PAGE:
Oxford University - Educational Institutions around the World

The Meadow Building of Oxford University.
The Meadow Building of Oxford University.

5. Founding

University of Oxford has no official foundation date, but unofficial teaching at the town of Oxford can be traced back to 1096. It is not only the oldest university in England, but also the first in the entire English-speaking world. It is world's second largest university in the world, only surpassed by the University of Bologna in Italy. By 1201, the university was headed by a magister scholarum Oxonie, and the title of Chancellor was conferred in 1214. Later in 1231 it was finally recognized as a corporation. The university received its royal charter in 1248 from King Henry III.

4. History

The University of Oxford grew rapidly since 1167, when Henry II forbade English students from attending the University of Paris. Throughout the 12th and 13th century, the university became home to many religious teachings and many colleges, including the University College, Balliol College and Merton College. During the Renaissance, the university underwent significant growth and change, and it attracted many renowned scholars. Greek language studies, English literature and biblical studies thrived. In the modern period, the university was highly influenced by the Oxford Movement, and Anglo-Catholic doctrines and studies saw great growth in the university. During the 20th and 21st centuries, Oxford also developed greatly in the areas of natural and applied sciences.

3. Structure

The University of Oxford is a federation, comprised of a central university that has four major academic divisions: Humanities; Mathematical, Physical and Life Sciences; Medical Sciences; and Social Sciences; as well as 38 colleges and 6 permanent private halls. The university as a whole is headed by the congregation, which is the sovereign body of the university and makes all decisions regarding major policy issues and elections of Council members. The council is the university's principle executive and policy-making body. The colleges are self-governing and financially independent bodies, and the halls, originally founded by Christian denominations, still retain their religious characteristics.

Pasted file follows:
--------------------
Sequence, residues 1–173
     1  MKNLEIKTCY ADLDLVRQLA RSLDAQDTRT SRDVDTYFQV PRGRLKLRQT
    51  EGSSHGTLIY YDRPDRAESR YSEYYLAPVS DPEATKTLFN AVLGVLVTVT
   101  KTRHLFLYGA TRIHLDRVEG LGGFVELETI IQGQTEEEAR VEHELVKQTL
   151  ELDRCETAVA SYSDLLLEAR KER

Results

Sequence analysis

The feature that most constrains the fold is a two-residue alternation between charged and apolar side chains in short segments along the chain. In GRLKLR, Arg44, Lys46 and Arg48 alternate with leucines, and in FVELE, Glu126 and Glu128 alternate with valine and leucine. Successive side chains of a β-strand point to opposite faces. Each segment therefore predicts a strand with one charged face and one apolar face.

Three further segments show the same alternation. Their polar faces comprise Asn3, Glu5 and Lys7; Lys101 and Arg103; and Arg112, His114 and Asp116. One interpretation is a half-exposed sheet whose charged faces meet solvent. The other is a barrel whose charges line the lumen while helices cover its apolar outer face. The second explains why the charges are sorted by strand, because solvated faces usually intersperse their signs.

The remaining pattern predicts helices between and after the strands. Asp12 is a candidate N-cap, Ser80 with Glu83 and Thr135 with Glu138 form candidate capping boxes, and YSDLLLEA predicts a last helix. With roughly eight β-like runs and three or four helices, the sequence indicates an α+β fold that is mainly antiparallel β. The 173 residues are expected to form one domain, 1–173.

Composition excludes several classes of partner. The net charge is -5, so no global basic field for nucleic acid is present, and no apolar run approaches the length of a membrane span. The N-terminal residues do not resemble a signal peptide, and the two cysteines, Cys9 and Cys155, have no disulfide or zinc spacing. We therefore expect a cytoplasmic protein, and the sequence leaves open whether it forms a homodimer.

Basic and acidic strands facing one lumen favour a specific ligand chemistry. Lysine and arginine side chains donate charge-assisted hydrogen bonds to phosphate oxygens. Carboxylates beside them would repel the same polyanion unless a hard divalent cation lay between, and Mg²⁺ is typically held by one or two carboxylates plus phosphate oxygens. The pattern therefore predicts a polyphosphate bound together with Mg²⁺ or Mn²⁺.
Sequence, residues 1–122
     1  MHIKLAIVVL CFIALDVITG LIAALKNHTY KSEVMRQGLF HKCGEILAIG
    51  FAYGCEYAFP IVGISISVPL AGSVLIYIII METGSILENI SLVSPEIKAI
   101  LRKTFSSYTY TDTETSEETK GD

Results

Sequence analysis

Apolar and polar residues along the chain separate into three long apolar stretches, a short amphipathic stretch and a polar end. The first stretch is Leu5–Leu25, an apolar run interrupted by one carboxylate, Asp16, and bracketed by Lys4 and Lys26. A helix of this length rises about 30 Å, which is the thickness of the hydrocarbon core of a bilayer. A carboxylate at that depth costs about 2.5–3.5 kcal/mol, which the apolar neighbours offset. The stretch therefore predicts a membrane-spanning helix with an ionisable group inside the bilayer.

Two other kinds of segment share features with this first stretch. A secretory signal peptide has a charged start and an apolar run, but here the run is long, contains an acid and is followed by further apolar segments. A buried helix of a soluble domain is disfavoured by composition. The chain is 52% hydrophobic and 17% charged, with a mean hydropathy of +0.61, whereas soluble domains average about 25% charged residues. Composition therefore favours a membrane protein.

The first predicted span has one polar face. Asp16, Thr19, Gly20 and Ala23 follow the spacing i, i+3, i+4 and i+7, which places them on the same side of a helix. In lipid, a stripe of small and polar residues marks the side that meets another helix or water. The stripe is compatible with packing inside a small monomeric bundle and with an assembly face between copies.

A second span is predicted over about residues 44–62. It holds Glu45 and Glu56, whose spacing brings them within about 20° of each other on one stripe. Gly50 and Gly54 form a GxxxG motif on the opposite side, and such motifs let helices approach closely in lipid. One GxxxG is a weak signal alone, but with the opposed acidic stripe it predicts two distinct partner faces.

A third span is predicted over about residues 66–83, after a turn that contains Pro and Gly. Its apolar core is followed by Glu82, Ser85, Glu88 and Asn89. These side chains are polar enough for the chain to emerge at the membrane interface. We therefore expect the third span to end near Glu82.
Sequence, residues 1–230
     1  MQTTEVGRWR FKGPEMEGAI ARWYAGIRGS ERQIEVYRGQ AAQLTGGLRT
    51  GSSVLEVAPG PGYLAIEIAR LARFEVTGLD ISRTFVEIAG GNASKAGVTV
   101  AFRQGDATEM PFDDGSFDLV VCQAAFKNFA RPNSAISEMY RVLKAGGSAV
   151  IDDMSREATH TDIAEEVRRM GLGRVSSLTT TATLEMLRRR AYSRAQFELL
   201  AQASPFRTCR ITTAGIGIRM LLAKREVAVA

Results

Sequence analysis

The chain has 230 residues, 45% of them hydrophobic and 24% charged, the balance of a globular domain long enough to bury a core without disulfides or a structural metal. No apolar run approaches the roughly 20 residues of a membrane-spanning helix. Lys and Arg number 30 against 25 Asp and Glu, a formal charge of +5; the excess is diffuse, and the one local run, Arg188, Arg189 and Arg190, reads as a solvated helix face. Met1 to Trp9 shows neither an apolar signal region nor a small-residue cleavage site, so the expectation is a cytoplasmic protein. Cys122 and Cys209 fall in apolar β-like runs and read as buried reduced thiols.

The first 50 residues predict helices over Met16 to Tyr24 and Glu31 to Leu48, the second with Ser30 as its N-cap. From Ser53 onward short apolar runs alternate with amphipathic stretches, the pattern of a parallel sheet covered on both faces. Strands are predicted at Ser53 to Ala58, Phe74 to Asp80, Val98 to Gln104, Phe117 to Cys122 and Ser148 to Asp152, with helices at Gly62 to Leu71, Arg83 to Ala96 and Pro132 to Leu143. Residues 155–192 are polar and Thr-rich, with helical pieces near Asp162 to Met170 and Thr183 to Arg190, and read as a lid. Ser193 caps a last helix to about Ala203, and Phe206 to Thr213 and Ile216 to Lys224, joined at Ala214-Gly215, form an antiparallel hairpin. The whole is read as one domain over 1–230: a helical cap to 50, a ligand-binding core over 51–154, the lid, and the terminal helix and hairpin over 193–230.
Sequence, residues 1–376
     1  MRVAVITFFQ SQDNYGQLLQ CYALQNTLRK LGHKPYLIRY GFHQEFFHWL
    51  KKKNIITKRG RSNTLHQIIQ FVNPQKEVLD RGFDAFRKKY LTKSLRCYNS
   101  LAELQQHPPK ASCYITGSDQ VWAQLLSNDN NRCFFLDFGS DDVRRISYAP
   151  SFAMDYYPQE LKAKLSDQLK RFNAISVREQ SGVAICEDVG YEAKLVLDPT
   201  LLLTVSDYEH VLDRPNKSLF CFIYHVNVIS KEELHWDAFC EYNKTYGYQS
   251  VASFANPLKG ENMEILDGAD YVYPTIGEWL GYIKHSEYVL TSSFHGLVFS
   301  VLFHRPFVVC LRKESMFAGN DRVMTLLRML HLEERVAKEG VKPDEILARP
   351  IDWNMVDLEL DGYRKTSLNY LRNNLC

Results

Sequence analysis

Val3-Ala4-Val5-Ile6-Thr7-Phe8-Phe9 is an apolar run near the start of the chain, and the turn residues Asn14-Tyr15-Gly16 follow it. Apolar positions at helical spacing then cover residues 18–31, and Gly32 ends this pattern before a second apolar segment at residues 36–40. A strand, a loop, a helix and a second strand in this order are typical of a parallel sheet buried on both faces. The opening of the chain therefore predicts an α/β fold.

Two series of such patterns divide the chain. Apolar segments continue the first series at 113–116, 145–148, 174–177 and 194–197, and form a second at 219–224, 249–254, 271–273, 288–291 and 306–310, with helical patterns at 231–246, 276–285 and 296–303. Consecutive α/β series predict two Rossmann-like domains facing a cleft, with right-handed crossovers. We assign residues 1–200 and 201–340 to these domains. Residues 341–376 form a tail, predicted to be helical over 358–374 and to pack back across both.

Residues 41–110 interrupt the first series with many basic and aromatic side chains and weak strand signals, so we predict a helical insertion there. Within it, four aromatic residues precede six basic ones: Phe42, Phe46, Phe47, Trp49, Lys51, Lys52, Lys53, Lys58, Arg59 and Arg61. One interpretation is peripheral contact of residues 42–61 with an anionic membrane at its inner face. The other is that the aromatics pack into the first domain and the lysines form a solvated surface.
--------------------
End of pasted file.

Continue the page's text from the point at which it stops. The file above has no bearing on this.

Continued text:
2. Rankings

University of Oxford has long been ranked as one of the best universities in the world. It attracts the world's best scholars, teachers and students. Its long and legendary history, well-rounded disciplines and programs, as well as excellent research potential make it one of the world's greatest universities. The newest Times Higher Education Rankings ranked it the second best university in the world, and the newest QS Ranking ranked it 6th in the world. In the latest Complete University Guide, 90% of Oxford's subjects were ranked in the top ten, including Art and Design, East and South Asian Studies, Philosophy, Politics and Music. Because of its high rankings, Oxford is an extremely popular destination for international students. Currently more than 55% of Oxford's graduate students are international.

1. Alumni

The University of Oxford has cultivated many excellent alumni in various fields who are well known for their achievements. It is home to 26 British Prime Ministers, including Margaret Thatcher, Tony Blair and the current prime minister David Cameron. Many world leaders, including the famous Burmese activist and politician Aung San Suu Kyi, attended the university. Many famous philosophers, artists and writers also attended Oxford, such as Thomas Hobbes, Jeremy Bentham, John Locke, Oscar Wilde, C.S Lewis, W.H. Auden and T.S. Eliot. The university also hosts 12 saints and 20 Archbishops of Canterbury.


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